SOUTH BEND - Razor clam digging continues Tuesday through Monday on local beaches. There are several more dates running through the end of the years after shellfish managers with the Washington Department of Fish and Wildlife (WDFW) announced a total of 62 tentative dates for razor clam digs at beaches along the Washington coast.
Inslee issues proclamation requiring vaccination verification for large events
Gov. Jay Inslee issued a large event vaccine verification emergency order, Proclamation 21-16. A "large event" is a ticketed or pre registered assembly of 10,000 or more individuals at an outdoor venue or 1,000 or more individuals at an indoor venue.
The City of Napavine has a new city clerk and she fits right in. Rachelle Denham has the personality and skills to make the Napavine City Hall a great place to do business. One of the things enjoyable about Rachelle is the way she talks to people. There is no doubt when you walk away from Rachelle after doing business, you will know you have received the best customer service possible.
"I live just outside of Napavine and have always loved the charm of this small community," said Rachelle. "When I saw the posting for the city clerk, I believed that it would be the perfect fit for my personality."
New Residents Jim and Joy Larsen have been around town, making it a more attractive city for all. They have volunteered their time since coming here a few years ago. They might be new, but they love Winlock just the same.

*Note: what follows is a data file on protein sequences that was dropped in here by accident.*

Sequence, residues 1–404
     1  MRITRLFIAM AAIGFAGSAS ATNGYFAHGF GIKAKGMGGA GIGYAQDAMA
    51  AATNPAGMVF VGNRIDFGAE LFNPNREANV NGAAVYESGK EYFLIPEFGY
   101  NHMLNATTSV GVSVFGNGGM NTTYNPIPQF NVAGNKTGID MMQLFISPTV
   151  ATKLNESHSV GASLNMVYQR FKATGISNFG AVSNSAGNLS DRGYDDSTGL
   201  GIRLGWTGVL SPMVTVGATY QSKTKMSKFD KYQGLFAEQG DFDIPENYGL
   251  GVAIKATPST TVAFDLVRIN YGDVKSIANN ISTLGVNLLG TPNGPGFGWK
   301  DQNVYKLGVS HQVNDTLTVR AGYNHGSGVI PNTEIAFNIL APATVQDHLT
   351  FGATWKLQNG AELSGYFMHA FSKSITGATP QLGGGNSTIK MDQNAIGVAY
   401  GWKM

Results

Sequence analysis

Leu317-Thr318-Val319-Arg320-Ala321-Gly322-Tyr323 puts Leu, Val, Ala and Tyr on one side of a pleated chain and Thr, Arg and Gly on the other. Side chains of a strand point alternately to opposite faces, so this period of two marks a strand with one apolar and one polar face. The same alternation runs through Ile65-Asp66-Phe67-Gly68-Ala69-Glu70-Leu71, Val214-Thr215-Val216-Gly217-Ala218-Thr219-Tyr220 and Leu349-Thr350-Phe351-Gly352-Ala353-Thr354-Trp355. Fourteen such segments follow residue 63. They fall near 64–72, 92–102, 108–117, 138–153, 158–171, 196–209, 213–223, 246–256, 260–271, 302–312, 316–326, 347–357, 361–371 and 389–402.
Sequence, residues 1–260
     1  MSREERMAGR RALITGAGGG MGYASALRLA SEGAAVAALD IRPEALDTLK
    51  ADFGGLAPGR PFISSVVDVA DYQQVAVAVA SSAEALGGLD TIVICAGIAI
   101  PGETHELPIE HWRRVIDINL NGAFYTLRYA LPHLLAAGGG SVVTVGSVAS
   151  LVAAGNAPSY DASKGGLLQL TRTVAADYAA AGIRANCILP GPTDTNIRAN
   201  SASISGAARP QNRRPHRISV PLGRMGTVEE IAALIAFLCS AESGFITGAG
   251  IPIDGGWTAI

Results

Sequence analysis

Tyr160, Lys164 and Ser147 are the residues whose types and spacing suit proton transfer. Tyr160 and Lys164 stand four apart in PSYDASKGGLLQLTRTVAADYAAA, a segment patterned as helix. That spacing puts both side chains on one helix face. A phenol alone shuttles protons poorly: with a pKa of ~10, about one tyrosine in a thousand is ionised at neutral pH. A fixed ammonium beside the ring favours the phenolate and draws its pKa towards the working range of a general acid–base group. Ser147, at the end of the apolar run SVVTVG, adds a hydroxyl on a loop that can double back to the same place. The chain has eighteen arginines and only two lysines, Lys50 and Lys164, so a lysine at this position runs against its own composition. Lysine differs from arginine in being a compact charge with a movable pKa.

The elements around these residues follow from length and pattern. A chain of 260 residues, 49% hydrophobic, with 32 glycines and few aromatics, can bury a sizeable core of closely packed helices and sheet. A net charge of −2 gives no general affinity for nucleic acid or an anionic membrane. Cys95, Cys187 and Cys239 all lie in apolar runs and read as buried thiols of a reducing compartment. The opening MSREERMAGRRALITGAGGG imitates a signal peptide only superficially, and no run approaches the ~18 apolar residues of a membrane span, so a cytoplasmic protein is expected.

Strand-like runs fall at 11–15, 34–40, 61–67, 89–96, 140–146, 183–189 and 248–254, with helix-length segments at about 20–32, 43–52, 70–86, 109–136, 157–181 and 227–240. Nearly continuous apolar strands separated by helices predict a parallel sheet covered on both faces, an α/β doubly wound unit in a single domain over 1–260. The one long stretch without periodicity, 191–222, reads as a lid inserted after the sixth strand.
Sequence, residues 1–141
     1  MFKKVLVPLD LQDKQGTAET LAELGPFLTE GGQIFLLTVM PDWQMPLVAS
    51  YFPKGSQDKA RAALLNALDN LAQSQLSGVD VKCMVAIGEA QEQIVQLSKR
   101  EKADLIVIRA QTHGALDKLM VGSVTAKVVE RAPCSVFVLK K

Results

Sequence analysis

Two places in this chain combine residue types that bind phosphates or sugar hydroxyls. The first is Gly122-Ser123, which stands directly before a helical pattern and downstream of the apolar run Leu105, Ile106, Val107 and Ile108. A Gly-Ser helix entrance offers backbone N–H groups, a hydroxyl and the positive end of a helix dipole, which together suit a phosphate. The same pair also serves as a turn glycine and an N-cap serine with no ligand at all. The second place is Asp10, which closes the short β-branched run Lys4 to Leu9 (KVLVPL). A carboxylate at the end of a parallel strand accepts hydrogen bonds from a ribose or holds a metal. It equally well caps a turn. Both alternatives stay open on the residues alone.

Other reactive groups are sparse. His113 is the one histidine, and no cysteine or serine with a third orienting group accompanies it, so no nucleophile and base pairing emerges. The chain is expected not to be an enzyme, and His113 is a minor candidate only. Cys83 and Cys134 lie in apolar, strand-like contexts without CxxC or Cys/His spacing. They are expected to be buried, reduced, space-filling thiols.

SOUTH BEND - Kathryn M. Burr was "expected to plead guilty to one count of Theft 1st Degree with aggravating circumstances for being a major economic offense; abusing her position of trust; and, for the foreseeable destructive impact her crimes had on individuals other than the victim," Pacific County Senior Deputy Prosecutor Joseph Faurholt told the Herald. The action took place in Pacific County Superior Court last Tuesday (Oct. 12).
Faurholt added, "Sentencing will follow in a month or so to allow victims to be present and be heard if they so choose."
During the first week of October, one of the public schools in south Pacific County was closed due to the rapid progression of COVID-19 throughout the staff and students. The school reopened Monday, October 11.
"Circumstances called for a reset, a chance for the school to take a breather, have everyone go home and stop spreading COVID," commented Pacific County Health and Human Services Director Katie Lindstrom. She mentioned that closing a school is not an ideal situation, but sometimes it will happen.
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